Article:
So, there are no ‘right’ answers here, as it’s open to everyone’s view of the world, but the following images ‘speak’ to me in a certain way and all of them look like something (like an animal or object). Of course, I could make it much easier for you by giving you some possible answers but, for now, I’ll let you decide what you think each one is. Depending upon the number of comments that I get, I may repost this in a few days time with ‘my list’ for you to choose from.

Answers/comments by this time next week please, when I will reveal my view of the world, but in the meantime, if you celebrate this time of year, or anyway, have a very merry Christmas and a wonderful, safe and healthy, new year. 🎅🎄

Arrived in North Wales…

My sincerest apologies for being off the radar for the past month or so, moving house is bad enough, but moving countries has its challenges. There’s been more admin signing out of Switzerland (e.g. changing addresses and cancelling health, accident, house and car insurance) than signing in to Wales (though getting car insurance has also been a bit difficult, due to our Swiss driving licences). And crossing the border, especially out of France, with a van load of our belongings, turned into a bit of a nightmare. (We had to empty almost all the van, which took a day to load, to prove that we had no migrant stowaways). But we’re here now and all is well…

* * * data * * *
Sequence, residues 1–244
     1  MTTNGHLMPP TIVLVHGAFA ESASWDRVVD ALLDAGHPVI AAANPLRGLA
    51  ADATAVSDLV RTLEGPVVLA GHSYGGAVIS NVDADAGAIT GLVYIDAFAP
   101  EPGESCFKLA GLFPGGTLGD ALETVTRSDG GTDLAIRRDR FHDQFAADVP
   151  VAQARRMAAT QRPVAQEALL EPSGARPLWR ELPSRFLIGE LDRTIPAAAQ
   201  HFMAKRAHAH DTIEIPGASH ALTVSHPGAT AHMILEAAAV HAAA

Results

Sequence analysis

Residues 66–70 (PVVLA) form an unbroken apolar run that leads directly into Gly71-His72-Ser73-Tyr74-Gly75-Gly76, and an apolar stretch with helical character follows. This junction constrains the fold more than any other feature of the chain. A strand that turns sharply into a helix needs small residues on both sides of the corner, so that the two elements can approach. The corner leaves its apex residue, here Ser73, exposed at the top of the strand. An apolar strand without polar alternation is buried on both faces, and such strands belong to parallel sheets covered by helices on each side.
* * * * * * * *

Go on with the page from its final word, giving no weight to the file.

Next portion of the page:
As you will see from the above header photo, we have a lovely view and plenty of wildlife has been to welcome us to our new home. There are 3 buddleia bushes in the garden, so several butterflies have visited over the past 3 weeks, as has at least one dragonfly and a very friendly pheasant. The previous occupant had obviously fed him as he comes running when you open the kitchen window. We’ve called him Phil. (He looks a bit bedraggled below as it was pouring with rain the other morning).

I still have at least 2 Swiss walks to post sometime, but I thought you might like to know that Jude and I are still alive and well… 😊

Val de Réchy Walk, Val d’Hérens, Switzerland (Part 1 of 2)

With everything going on with regard to selling the chalet and organising our move back to the UK, I’m a bit behind with my blogging. However, I’m determined to bring you as many of my favourite walks as possible before we leave and this is a walk I did last week (on 29th July).

I had hoped to find a Cynthia’s Fritillary (Hypodryas cynthia), which are often seen in the Val de Réchy, but it wasn’t to be. But then I did see a lot of butterflies and, in Part 2, I’ll bring you an image of so many I bet you won’t be able to count them. (I did count 18 and a moth in pic. no. 22 below, but that’s just an appetiser for what’s to come tomorrow…)

Moving back to the UK… 😮

In what will be perhaps a shock decision to some, maybe even many, of you, Jude and I have decided to move back to the UK. We have spent 15 happy years here in Switzerland, the past 10 of them in our chalet in Evolène, in the Val d’Hérens.